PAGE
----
French left wins stunning upset, exit polls show
June 1, 1997
Web posted at: 2:48 p.m. EDT (1448 GMT)
PARIS (CNN) -- The Socialist-led opposition won an
outright majority in French parliamentary elections Sunday,
exit polls indicate. The victory would be a stunning upset
over President Jacques Chirac's center-right coalition.
The Socialists and their allies won 289 seats, the exact
number needed for a majority in the 577-seat National
Assembly. Along with Communists and ecologists, the combined
left won 333 seats, French television TF1 reported.
The center-right coalition won 243 seats, and the extreme
right National Front Party won one seat, projections showed.
The center-right coalition held an 80 percent majority in the
Polls opened at 8 a.m. (0600 GMT) throughout France and
closed at 8 p.m. (1800 GMT). Official figures were expected
later in the evening, but the television projections have
proved accurate in the past.
'A new opportunity'
"For me these elections would be a new opportunity for France
in the next century," one voter told CNN earlier.
Other voters were indifferent. Marc Morelli, 20, said it
doesn't matter whether "you vote for the right or left, it
always stays the same. Once they get in power, their promises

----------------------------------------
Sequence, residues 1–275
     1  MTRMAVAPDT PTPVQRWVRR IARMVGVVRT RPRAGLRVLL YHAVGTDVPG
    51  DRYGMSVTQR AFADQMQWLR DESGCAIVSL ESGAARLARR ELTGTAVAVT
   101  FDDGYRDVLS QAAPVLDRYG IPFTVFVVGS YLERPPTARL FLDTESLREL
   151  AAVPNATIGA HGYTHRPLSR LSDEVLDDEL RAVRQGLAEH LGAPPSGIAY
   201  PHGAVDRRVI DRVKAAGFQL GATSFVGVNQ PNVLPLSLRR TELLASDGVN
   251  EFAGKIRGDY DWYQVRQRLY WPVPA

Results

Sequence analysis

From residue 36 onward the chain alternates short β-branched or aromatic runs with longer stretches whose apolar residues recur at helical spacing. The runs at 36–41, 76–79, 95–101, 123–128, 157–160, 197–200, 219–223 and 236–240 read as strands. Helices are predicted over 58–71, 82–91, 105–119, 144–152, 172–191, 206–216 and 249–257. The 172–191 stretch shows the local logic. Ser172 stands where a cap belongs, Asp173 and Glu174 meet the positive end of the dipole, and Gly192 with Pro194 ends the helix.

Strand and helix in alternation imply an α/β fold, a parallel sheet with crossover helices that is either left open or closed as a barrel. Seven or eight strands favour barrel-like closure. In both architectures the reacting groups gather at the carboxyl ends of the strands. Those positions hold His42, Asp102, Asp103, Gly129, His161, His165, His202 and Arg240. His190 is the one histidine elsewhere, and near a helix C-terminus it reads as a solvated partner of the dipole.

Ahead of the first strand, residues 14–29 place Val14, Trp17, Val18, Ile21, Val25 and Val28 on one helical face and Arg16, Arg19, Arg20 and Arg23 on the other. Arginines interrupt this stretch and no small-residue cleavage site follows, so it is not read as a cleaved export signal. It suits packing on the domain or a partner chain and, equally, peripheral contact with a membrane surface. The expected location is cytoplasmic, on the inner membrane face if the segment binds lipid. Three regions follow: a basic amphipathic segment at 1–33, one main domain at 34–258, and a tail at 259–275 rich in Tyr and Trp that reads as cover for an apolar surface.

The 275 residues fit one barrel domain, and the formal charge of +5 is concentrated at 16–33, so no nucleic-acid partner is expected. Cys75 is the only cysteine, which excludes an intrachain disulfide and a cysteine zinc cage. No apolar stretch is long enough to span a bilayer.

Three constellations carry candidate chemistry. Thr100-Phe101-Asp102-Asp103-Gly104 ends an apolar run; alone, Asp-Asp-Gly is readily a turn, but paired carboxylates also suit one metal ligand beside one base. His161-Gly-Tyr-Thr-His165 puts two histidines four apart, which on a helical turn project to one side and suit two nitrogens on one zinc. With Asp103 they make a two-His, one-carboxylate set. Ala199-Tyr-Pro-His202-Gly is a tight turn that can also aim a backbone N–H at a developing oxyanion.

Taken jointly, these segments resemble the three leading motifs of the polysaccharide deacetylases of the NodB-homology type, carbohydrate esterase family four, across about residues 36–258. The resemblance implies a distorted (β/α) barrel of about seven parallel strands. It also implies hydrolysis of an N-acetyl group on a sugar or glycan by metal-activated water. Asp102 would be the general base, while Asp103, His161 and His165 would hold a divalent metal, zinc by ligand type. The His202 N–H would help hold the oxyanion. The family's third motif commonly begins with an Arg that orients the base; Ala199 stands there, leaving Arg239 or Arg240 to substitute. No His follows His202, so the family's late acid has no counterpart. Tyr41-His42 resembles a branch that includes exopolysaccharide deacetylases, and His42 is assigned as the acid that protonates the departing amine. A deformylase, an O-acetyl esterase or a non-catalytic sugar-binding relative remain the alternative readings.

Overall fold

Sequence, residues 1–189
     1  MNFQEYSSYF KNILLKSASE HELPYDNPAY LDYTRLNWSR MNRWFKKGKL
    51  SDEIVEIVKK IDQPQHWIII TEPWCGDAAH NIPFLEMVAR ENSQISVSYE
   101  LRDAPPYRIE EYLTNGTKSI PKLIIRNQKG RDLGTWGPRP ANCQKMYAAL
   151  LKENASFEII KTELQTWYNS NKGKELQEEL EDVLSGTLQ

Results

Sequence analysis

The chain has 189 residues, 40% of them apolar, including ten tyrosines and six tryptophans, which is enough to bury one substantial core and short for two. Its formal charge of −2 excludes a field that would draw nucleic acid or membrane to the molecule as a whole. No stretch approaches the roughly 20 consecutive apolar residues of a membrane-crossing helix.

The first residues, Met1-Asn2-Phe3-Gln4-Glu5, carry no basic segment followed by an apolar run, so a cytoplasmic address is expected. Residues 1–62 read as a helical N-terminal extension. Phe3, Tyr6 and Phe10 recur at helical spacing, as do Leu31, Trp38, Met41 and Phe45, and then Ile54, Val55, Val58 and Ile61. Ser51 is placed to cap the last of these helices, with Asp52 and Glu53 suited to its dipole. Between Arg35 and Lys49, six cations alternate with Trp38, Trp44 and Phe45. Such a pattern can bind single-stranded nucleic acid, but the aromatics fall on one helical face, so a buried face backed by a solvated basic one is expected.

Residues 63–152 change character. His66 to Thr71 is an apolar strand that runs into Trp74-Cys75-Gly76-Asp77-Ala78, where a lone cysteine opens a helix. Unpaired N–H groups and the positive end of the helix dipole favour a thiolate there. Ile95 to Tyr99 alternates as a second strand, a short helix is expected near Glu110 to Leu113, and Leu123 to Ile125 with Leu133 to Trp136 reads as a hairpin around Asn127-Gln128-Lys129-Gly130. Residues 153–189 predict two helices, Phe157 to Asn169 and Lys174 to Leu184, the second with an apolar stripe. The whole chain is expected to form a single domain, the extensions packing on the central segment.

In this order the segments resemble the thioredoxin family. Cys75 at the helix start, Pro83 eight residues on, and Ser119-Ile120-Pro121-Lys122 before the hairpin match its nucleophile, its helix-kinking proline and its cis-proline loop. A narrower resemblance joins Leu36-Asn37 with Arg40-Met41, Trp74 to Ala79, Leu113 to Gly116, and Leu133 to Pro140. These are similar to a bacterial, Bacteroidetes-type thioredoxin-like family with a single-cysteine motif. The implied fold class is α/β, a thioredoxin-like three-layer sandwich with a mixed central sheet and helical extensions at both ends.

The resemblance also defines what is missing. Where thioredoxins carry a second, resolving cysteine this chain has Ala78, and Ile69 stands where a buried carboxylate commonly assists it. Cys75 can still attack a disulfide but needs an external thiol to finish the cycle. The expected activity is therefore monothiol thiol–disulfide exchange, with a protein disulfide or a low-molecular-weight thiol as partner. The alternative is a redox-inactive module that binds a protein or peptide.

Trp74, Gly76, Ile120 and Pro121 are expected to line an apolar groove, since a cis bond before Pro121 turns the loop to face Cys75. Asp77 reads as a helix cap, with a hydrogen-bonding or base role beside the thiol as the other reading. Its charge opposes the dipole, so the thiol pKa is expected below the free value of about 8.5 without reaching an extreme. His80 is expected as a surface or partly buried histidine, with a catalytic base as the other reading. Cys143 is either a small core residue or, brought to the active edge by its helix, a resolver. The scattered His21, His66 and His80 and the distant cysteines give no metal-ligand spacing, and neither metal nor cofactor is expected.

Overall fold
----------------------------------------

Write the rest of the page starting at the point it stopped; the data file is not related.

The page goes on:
are worth nothing."
The outcome of Sunday's runoff balloting was thrown wide open
by last week's first round, which saw France's leftist
opposition capitalize on voter discontent.
Only 12 seats were decided last week, with the left garnering
about 40 percent of the vote compared to the center-right's
Chirac called the elections 10 months early in his search for
a mandate for his economic austerity program.
But with the jobless rate at a record high 12.8 percent,
unemployment was a key concern among voters, many of whom are
wary of Chirac's austerity plan. The president has been
driving France to meet strict criteria to join the euro, the
European currency to start circulating in 1999.
In the campaign's final days, Chirac's governing coalition
had sought to soften its line on cutting the deficit to
qualify for the euro while still reducing unemployment.
Chirac scrambled to turn the tide after last Sunday's first
round. The president jettisoned Premier Alain Juppe, France's
most unpopular prime minister since the 1950s. Philippe
Seguin, the popular and somewhat euroskeptic National
Assembly president, had been touted as the likely prime
minister should the right win.
If the projected results hold true, however, Chirac will be
forced to "cohabit," or share power, with a hostile
government led by Socialist leader Lionel Jospin.
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